This study was a randomized controlled trial. First, in the pre-evaluation phase, all participants performed the MI task 20 times without NFB. Second, for the training phase, they were randomly divided into two groups as follows: (i) NFB group (n = 10, age: 20.40 ± 0.70 years, height: 173.70 ± 4.50 cm, and body weight: 64.40 ± 5.42 kg) that performed 60 MI tasks with NFB and (ii) tDCS + NFB group (n = 10, age: 20.00 ± 0.67 years, height: 171.60 ± 8.60 cm, and body weight: 61.60 ± 10.93 kg) that performed 60 MI tasks with NFB after receiving tDCS for 10 min (Yamaguchi et al., 2020). Finally, in the post-evaluation phase, all participants performed the MI task without NFB 20 times again. The self-reported MI vividness was assessed during the pre- and post-evaluation phases. Additionally, EEG was recorded during the MI tasks and ERD was evaluated during the pre-evaluation, training, and post-evaluation phases (Figure 1).
Figure 1. Study protocol. Participants were divided into an NFB group (n = 10) performing the MI task with NFB alone and a tDCS + NFB group (n = 10) performing the MI task with NFB after 10 min of tDCS. ERD and MI vividness were evaluated before and after the training phase. In the training phase, ERD during the MI task was also evaluated. MI, motor imagery; NFB, neurofeedback; tDCS, transcranial direct current stimulation; ERD, event-related desynchronization.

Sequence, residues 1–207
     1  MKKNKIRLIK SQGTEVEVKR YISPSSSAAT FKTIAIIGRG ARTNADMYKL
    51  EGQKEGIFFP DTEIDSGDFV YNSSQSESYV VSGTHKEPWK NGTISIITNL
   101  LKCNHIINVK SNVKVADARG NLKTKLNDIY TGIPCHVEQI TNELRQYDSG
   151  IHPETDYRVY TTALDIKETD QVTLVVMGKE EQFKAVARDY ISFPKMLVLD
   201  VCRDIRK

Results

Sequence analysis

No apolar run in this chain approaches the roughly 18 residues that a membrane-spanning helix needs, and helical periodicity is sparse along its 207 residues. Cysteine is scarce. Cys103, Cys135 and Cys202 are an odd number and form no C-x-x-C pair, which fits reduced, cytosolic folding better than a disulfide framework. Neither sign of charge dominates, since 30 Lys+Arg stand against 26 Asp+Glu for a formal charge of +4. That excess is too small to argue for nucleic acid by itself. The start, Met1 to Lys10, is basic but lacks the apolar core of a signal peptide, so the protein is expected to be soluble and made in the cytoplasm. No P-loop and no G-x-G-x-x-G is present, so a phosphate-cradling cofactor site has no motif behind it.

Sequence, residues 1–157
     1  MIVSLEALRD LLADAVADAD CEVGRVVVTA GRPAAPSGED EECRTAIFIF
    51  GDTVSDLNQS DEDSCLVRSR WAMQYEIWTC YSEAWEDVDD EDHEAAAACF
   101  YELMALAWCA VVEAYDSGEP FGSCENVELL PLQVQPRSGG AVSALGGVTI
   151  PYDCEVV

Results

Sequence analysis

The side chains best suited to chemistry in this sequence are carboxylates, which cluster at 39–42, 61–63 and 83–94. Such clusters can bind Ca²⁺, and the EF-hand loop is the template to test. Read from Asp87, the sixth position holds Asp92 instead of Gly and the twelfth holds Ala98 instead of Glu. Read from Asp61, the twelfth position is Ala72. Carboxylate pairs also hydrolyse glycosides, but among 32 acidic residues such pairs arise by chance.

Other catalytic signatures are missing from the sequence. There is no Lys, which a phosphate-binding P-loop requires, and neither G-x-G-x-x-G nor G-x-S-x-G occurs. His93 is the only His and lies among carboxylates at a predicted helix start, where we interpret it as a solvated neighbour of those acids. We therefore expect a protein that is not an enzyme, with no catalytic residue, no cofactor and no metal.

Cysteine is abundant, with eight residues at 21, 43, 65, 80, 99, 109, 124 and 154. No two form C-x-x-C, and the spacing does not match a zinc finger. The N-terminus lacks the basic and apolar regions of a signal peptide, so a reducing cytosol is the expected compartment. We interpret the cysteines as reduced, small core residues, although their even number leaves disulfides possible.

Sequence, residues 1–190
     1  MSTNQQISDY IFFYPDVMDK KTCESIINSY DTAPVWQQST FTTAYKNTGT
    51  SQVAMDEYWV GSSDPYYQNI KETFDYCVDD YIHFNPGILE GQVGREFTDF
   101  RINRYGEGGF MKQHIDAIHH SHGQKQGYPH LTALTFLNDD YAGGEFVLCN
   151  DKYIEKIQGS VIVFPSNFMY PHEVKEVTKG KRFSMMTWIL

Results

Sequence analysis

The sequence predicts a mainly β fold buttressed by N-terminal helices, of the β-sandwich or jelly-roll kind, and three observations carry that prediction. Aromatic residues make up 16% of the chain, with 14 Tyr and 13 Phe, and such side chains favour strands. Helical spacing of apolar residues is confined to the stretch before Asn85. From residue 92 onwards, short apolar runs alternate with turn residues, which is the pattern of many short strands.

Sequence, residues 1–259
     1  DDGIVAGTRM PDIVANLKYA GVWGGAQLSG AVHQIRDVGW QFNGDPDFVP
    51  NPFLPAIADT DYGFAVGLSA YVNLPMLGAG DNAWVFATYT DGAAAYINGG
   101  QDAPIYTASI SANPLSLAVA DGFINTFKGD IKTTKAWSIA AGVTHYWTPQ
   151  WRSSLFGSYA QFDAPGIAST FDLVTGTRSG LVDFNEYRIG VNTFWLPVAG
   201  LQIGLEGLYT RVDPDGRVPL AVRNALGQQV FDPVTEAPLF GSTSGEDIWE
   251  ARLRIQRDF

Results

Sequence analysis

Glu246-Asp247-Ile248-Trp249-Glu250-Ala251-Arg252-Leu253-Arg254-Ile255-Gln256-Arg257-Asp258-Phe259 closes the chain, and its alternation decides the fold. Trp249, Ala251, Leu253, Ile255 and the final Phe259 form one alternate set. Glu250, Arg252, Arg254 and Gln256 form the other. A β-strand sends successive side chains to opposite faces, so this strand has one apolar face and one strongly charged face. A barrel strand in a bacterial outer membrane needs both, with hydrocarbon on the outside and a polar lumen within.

2.4. Motor imagery
During the training phase, a bar graph was displayed on a monitor to provide real-time feedback based on the ERD (Figure 2). Participants were asked to imagine dorsiflexion of the left wrist joint at 100% maximum voluntary contraction strength from a first-person perspective. The imagery task consisted of a resting period (5 s) followed by an imagery period (5 s), and participants repeated the imagery task 20 times during the pre- and post-evaluation phases. In the training phase, three sets of 20 imagery tasks were performed. Several MI studies consisted of short repetitions of the imagery and rest periods (Xie et al., 2021; Sawai et al., 2022); we followed a similar protocol. The degree of MI improves with its repetition (Pineda et al., 2003); therefore, few trials may erase the effect of tDCS. Conversely, numerous trials can cause mental fatigue, which may reduce the degree of MI (Nakashima et al., 2021). Therefore, we set the number of trials at 60, which has been used in previous studies (Maghsoudi and Shalbaf, 2022; Sawai et al., 2022).